Clearing Crowds: Cities across Southwest Florida close beaches, enact restrictions

Published: Updated:
FILE PHOTO: Naples Pier temporarily closed during a storm.

In an effort to mitigate the spread of the novel coronavirus (COVID-19) and alignment with CDC guidance and Governor DeSantis’s Executive Order 20-68, the City of Naples will be closing all public beaches within city limits beginning today through Monday, March 30th.

The Pier will be closed at 3:30 p.m. Wednesday; all other beach accesses, beach restroom facilities, parking areas, Lowdermilk Park, and walkways will be closed at 5:00 p.m. Wednesday.

The City of Naples is making its decisions based on guidance from the Florida Department of Health (FDOH) and the Centers for Disease Control and Prevention (CDC). The closures could be extended as the City responds to the public health crisis and direction from the FDOH and CDC.

To stay up-to-date on information and guidance for COVID-19, visit the Florida Department of Health website ( or contact the Collier County Health Department at (239) 252-8200. You can also reach the FDOH Call Center for COVID-19 at (866) 779-6121, Monday through Friday, 8 a.m.-midnight.

For City of Naples residents, Emergency Management has activated a COVID-19 hotline (239) 213-4902 that will be available Monday through Friday, 8:00 a.m. – 5:00 pm.


Charlotte County beaches remain open but the county urges the governor’s guidance of small groups and keeping a 6-foot distance from other beachgoers.


**UPDATE** As of sunset Thursday, Collier county will close all beaches.

In an effort to limit the spread of COVID-19, Collier County Government announced Wednesday that effective sunset Wednesday (March 18), Collier County beach parking facilities will be closed to the public until further notice. In addition, Collier Area Transit is discontinuing operation of the Beach Bus route 29 until further notice.

These actions are in keeping with CDC COVID-19 guidelines and the Governor’s Executive Order to limit large gatherings and encourage social distancing.

All Collier County beach access points, outside the City of Naples, will remain open to the public at this time.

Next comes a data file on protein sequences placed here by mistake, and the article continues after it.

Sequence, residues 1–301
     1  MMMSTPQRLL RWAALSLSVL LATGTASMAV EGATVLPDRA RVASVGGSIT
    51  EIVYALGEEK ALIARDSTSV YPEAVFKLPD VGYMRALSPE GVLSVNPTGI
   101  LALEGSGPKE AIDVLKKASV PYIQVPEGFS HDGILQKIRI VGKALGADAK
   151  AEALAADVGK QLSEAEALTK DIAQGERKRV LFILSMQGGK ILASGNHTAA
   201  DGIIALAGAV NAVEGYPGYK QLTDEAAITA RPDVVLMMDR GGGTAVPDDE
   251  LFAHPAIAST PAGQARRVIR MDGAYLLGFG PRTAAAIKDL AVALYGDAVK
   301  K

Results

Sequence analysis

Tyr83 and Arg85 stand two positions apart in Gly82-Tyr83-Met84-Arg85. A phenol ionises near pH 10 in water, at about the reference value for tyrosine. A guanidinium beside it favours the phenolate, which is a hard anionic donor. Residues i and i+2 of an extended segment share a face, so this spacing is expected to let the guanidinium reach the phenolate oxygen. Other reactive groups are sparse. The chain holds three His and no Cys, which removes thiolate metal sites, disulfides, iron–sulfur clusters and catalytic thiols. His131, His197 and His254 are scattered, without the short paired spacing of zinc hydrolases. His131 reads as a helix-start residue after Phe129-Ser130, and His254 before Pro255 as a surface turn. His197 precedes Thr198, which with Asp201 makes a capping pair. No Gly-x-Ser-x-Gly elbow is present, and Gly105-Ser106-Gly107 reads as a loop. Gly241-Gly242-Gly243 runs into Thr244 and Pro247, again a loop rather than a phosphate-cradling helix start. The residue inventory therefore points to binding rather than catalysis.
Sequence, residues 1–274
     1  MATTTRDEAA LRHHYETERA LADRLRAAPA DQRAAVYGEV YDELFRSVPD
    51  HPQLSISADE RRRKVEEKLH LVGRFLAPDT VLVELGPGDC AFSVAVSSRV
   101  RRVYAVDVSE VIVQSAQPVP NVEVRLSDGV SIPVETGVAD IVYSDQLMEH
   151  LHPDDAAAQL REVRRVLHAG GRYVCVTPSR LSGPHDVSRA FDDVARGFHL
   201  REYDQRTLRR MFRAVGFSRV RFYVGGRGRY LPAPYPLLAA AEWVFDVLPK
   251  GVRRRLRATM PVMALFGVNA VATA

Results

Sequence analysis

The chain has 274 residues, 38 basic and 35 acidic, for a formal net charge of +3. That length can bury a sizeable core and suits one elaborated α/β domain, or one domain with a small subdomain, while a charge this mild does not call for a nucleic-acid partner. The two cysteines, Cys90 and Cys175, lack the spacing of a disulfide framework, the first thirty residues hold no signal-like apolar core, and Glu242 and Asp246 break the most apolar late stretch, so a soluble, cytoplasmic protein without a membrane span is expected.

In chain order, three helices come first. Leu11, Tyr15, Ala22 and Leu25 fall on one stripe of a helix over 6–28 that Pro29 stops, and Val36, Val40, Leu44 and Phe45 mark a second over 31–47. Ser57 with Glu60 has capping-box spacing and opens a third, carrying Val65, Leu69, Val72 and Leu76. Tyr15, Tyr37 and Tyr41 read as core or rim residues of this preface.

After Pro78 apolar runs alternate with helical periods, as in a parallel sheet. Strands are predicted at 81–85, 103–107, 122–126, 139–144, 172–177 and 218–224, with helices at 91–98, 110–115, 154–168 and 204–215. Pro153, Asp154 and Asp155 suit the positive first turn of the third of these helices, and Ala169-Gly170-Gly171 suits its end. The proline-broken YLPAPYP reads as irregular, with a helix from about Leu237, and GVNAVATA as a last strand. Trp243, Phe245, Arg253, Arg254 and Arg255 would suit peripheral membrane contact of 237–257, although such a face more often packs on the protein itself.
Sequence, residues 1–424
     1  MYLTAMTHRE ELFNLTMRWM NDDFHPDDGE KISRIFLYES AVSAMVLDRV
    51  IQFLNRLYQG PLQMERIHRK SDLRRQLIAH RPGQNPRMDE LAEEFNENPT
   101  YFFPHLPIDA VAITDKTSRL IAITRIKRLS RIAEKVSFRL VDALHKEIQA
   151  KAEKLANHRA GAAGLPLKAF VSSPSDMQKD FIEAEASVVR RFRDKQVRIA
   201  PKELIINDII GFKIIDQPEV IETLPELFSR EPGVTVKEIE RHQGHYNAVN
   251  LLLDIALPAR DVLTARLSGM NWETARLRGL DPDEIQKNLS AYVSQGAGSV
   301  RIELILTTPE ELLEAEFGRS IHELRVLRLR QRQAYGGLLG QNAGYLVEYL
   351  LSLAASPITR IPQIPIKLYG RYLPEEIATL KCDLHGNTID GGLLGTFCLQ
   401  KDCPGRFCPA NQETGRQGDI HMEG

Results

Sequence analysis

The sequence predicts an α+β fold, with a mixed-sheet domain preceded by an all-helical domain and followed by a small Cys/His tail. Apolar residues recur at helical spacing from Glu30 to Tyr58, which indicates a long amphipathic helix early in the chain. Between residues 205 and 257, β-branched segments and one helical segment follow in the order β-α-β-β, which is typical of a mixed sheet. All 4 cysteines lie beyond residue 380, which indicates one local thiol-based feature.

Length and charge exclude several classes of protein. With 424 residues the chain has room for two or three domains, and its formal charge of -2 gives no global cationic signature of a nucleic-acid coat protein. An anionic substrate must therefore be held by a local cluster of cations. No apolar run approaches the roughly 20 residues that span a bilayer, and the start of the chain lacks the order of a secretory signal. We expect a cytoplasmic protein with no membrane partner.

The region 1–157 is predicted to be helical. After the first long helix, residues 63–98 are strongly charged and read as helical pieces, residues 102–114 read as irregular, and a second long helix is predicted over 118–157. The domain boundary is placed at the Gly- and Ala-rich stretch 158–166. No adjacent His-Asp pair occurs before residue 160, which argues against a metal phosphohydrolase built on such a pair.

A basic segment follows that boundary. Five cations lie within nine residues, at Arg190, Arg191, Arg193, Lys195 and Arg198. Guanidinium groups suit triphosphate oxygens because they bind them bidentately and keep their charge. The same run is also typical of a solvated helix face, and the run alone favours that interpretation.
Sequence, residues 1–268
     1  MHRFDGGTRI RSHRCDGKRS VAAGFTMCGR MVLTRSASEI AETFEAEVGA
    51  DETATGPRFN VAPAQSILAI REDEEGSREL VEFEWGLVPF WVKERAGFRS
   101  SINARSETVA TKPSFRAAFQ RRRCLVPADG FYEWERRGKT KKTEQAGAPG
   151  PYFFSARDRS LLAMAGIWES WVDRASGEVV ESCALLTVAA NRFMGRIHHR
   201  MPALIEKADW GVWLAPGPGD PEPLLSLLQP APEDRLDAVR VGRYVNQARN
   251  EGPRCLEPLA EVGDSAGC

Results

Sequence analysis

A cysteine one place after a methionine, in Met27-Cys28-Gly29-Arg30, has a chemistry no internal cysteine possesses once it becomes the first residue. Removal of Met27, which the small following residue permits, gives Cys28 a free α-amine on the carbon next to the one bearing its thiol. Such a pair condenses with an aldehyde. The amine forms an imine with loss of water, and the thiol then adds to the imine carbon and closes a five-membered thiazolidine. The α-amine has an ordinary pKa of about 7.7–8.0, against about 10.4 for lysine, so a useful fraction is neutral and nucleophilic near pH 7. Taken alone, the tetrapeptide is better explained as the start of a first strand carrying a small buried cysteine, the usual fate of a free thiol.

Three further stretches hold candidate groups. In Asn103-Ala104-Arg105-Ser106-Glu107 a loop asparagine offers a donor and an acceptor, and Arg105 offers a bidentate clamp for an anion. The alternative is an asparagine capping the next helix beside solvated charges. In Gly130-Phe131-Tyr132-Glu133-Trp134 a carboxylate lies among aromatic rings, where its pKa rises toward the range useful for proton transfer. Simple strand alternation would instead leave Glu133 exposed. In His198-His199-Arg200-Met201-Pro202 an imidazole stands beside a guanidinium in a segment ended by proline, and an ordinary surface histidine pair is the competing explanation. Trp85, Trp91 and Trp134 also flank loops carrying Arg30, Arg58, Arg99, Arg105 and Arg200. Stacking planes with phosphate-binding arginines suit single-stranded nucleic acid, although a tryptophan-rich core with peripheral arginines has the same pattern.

“I just can’t believe that they’re closing the beaches because I’m here on vacation,” said Darleen Wilkins.

Many families say they understand, but that doesn’t make it any less of a disappointment.

“It’s really a bummer, Wilkins said, “and this is just my happy place.”

Some asked, why not just social distance on the beach? But clearly, things can get close.

But still, the beaches will close until at least March 30, which is too long for some families on vacation, now on the hunt for somewhere else to go.


County-owned beaches and the county-owned Fort Myers Beach Pier will close until further notice effective at 6 p.m. Thursday, March 19, in an effort to slow the spread of COVID-19. This includes beach parking lots, restrooms and county-owned beach access points.

The county sites include:

Beach Parks

  • Bonita Beach Park
  • Bowditch Point Park
  • Bowman’s Beach Park
  • Causeway Islands
  • Crescent Beach Family Park
  • Little Hickory Island Beach Park
  • Lynn Hall Memorial Beach Park
  • Matanzas Pass Preserve
  • San Carlos/Bunche Beach Preserve
  • Turner Beach Park

Beach Accesses

  • Alison Hagerup Beach Park
  • Andy Rosse Lane paddlecraft launch
  • Boca Grande Beach Accesses
  • Bonita Beach Accesses
  • Dog Beach Park
  • Estero Islands Beach Access
  • Matanzas Bridge Fishing Pier

County Manager Roger Desjarlais announced the closure using Centers For Disease Control guidance and at a time when many college-age students are on spring break or are in the area while taking online classes.

“While young people may not be as vulnerable to the symptoms of COVID-19 as older adults, they can be asymptomatic and spread the virus to others, including older adults and their own family members,” he said.

The county will coordinate enforcement with the appropriate enforcement agencies.

The county is also suspending LeeTran beach trolley and tram service effective 6 p.m. Thursday.


The City of Sanibel has also closed all public parking at beaches to curb the spread of the virus.


The Town of Fort Myers Beach is closing all public parking, public beach access points, and commercial activity starting at 6 p.m. on Thursday. The closure will last until at least April 21.

While beaches will be closed, people are still allowed to walk on the beach, but setting up chairs, lying down or being around others in large groups are not permitted.

We needed to make the best decision we possibly could to protect as many people as we possibly can,” said Anita Cereceda with the Town of Fort Myers Beach.

Employees say they’re nervous about their jobs and incomes, something beachgoers understand.

“It’s hard for this area because tourism is at its height right now. It’s like a bad time for this area. I know that, but it’s a protective measure,” said Laurie Sulzbach of Cape Coral.

While the new rule takes effect Thursday, the Mayor says the council will continue discussing possible changes, like whether FMB should completely shut down to all people.

One thing the mayor wanted to emphasize is that this decision is based on hope.

The council hopes by doing this they will help stop the spread of the virus and protect the residents and tourists in the area.


The Governor is directing parties accessing public beaches in the state of Florida to follow the Centers for Disease Control and Prevention (CDC) guidance by limiting their gatherings to no more than 10 people. Restaurants should limit dine-in capacity to 50%.

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